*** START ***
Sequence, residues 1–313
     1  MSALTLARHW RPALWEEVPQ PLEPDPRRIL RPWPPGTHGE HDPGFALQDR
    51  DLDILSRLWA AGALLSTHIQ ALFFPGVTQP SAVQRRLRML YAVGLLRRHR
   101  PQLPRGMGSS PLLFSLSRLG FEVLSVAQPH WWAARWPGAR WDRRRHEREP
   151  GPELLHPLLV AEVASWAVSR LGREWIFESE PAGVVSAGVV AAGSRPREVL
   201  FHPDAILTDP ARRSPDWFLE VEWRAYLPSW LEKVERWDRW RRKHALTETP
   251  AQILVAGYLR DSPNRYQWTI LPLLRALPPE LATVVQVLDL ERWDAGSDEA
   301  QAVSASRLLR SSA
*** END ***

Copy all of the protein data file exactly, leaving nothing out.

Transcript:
Sequence, residues 1–313
     1  MSALTLARHW RPALWEEVPQ PLEPDPRRIL RPWPPGTHGE HDPGFALQDR
    51  DLDILSRLWA AGALLSTHIQ ALFFPGVTQP SAVQRRLRML YAVGLLRRHR
   101  PQLPRGMGSS PLLFSLSRLG FEVLSVAQPH WWAARWPGAR WDRRRHEREP
   151  GPELLHPLLV AEVASWAVSR LGREWIFESE PAGVVSAGVV AAGSRPREVL
   201  FHPDAILTDP ARRSPDWFLE VEWRAYLPSW LEKVERWDRW RRKHALTETP
   251  AQILVAGYLR DSPNRYQWTI LPLLRALPPE LATVVQVLDL ERWDAGSDEA
   301  QAVSASRLLR SSA